Considering that both marine and freshwater fisheries provide a substantial source of income for many communities in both Sindh and Punjab and often provide the only source of protein, the predicted decline in marine and freshwater fisheries is going to have important sociological consequences. Decline in future fisheries catch will lead to decreased revenue for fishing communities in Sindh and Balochistan resulting in increased poverty and food insecurity. Other industries indirectly tied with marine and freshwater fisheries will also suffer.
There have been many recommendations made with regards to mitigating climate change impacts on Pakistani fisheries. Oxfam (a UK based NGO) in a 2009 report focusing on climate change in Pakistan suggested introducing aquaculture based on warm-water species, helping communities establish deep sea fishing practices, introducing shrimp farms to coastal villages and improving fisheries management on a national scale. While these recommendations make sense on sociological level, from a biological standpoint there are some problems. Firstly, the introduction of new species into an environment can negatively impact existing food web and ecosystem processes. Introduced species can proliferate extirpating existing species in similar food web positions impacting both species above and below them in a food web structure. In terms of aquaculture, this risk can be minimised by stocking and promoting local warm-water species instead of introducing them from other regions. With shrimp farming, there is always massive ecosystem destruction. In Pakistan, shrimp farms are built by removing coastal mangrove wetlands which act as hatcheries for the vast majority of warm and cool water species. The removal of mangrove wetlands from a region causes decrease in fisheries productivity resulting in a decline in regional fish catch for which shrimp farms cannot compensate. If shrimp farms are being promoted as an antidote to declining fisheries productivity, a better solution both biologically and economically would be to increase the area of the nearest mangrove wetland, which would result in an increase in regional fish and shrimp catch.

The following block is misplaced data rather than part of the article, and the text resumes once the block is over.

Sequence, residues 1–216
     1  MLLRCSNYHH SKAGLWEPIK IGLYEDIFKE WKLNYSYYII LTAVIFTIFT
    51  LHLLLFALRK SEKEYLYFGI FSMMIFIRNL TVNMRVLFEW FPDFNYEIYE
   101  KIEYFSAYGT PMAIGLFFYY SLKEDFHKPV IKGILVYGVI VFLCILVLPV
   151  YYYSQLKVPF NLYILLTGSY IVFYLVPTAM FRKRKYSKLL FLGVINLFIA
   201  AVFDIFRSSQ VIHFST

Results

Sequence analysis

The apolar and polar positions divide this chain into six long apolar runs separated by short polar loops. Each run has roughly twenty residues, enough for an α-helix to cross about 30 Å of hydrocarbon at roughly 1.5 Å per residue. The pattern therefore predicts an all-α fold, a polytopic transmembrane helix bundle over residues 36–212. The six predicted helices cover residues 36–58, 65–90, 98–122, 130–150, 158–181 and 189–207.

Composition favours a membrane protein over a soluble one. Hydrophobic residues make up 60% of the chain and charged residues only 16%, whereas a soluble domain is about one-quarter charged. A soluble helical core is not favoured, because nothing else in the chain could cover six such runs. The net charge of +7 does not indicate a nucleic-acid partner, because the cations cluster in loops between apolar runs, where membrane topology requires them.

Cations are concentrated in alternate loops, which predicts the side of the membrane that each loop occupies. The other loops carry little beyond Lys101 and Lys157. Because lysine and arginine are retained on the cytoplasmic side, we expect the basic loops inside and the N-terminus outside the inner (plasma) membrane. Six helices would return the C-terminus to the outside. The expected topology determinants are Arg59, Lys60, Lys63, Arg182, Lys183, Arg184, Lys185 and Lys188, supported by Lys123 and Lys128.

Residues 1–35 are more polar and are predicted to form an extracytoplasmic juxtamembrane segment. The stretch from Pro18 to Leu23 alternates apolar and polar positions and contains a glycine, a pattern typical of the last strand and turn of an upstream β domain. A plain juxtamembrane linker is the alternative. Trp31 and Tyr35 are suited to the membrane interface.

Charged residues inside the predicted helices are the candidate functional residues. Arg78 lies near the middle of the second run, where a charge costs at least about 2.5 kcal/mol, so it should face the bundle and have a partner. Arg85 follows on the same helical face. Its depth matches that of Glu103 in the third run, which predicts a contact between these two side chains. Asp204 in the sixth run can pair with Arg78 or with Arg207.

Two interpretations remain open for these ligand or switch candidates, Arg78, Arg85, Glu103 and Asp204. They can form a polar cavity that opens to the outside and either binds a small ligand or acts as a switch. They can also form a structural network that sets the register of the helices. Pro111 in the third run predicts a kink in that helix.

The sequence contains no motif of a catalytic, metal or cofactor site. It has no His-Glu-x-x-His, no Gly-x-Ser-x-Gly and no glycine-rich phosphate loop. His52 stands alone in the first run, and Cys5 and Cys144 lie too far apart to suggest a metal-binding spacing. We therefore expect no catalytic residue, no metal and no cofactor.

Fisheries are important economically, socially and biologically for the people of Pakistan. Given that current climate change forecasts list Pakistan as especially vulnerable to fisheries collapse, it is essential for the government to plan appropriate mitigation measures to deal with this scenario. Considering that Pakistan is currently dealing with a violent insurgency targeting the civilian population, massive shortages in food, water and electricity it is very unlikely that there will be any sort of intervention on a state level regarding the threat of climate change towards its fisheries. This is of course the trouble with Pakistan. We never get around to dealing with issues that could become serious problems for us in the future. If extremist ideology, food security, electricity and water had been dealt with two decades ago, we would not be facing these crises today. I fear that this too will be the case with Pakistan's fisheries.
This post was originally published on Sarah Hasnain's blog. Sarah tweets at twitter.com/kissmyroti.